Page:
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Sunday, August 26, 2007

Talent Scouting

How crucial is recruitment to organizational success? I'd say very!
If you hire the wrong person for the job, there is hardly any training or intervention to compensate for this mistake. If there is any, the process would be ardous and expensive with little hope of good results.

If you agree with me on what I just wrote, let me ask you this, how much effort have you exerted in seeing to it that your recruitment strategies bring the kind of results that you need? If you are still using a lot of gut feel in hiring, then you'll be missing out on things. If you are like some of the companies I encountered in the past who let their candidates go through a battery of test but failed to realize the significance of the test results, then I'd say that you are wasting your time for nothing.

This is my opinion: finding the right person for the job should be given utmost importance by HR practitioners like us. This is of course and as always easier said than done. This is also probably the reason why a lot of people do not want to go through what I consider as a thorough process of talent-scouting.

As always, I'd like to recommend some strategies. If my recommendation resemble what you do now, hail to you! please share with me and the rest of my readers (which is getting larger thanks to Google!) your experience.

First step: Identify the kind of talents a successful person in a particular position should have. I red "First Break all the Rules" by Marcus Buckingham and Curt Coffman and found their proposals on the concept of talent very intruiging! They came up with three basic categories for it. Let me now use it to share my opinion on what a successful young HR practitioner should have in terms of talents off the cuff:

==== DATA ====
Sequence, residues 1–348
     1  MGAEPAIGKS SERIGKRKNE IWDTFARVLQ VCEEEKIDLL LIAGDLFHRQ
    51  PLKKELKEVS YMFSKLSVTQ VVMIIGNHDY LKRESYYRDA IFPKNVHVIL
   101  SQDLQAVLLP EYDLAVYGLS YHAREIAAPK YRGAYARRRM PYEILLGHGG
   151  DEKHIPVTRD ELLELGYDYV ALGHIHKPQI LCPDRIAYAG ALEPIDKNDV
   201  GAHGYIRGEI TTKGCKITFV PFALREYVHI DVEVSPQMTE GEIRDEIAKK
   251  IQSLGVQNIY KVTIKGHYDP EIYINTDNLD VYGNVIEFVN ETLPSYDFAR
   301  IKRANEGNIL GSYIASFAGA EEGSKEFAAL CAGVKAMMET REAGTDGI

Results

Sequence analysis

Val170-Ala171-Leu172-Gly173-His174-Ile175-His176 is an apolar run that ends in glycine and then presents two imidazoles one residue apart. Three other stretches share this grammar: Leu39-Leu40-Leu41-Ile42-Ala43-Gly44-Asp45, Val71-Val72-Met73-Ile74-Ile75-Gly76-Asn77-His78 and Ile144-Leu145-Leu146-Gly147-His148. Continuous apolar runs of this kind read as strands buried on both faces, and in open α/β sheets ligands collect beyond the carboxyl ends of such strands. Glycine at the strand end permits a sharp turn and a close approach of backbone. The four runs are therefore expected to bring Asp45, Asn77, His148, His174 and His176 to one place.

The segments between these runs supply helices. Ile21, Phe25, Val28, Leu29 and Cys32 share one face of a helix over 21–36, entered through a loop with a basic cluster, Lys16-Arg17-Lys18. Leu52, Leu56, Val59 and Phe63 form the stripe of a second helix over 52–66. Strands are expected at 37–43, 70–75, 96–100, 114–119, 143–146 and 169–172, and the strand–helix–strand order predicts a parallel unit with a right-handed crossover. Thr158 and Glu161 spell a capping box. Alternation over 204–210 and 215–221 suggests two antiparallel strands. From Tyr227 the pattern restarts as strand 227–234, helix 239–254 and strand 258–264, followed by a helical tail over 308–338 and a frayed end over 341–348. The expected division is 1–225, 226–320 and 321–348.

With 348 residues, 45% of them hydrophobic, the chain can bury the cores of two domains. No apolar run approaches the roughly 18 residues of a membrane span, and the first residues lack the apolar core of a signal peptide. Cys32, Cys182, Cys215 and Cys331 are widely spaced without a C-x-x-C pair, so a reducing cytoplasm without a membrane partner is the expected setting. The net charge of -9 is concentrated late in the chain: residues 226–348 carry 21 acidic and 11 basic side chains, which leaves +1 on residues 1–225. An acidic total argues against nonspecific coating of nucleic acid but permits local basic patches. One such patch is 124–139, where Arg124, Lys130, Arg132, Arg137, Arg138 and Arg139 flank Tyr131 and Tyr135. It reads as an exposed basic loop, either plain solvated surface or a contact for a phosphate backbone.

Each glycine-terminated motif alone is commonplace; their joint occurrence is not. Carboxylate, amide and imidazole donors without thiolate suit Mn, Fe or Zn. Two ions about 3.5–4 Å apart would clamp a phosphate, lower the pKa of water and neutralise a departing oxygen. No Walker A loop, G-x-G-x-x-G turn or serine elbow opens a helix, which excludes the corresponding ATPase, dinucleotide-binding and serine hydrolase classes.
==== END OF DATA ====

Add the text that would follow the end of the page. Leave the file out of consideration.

Striving Talents: A good HR person is motivated by a desire to make a difference in the lives of people and organizations. He or she is driven by a hunger for knowledge, the constant desire to find out how to make things better without losing sight of the here and now. A good HR person thrives more in collaboration rather than competition. I predict that an HR practitioner who reads a lot of theories and new ideas in HR management and uses the organization as a laboratory for validating his knowledge is bound to go places. I don't know if you will agree with me, a bank teller cannot have some of these talents. They need a different set for the kind of work that they do.

Thinking Talents: Disciplined and yet open minded. As HR people are expected to be stalwarts of order in the organization, they should also be open minded to change. A good HR person to me enjoys sharing ideas with others just as much as adopting other people's ideas. they make decisions on the basis of what is good and not just what is practiced.

Relating talents
: HR Practitioners should be more outgoing and finds enjoyment in reaching out to people. An HR person should have no fear of confrontation but exercises tact in every situation.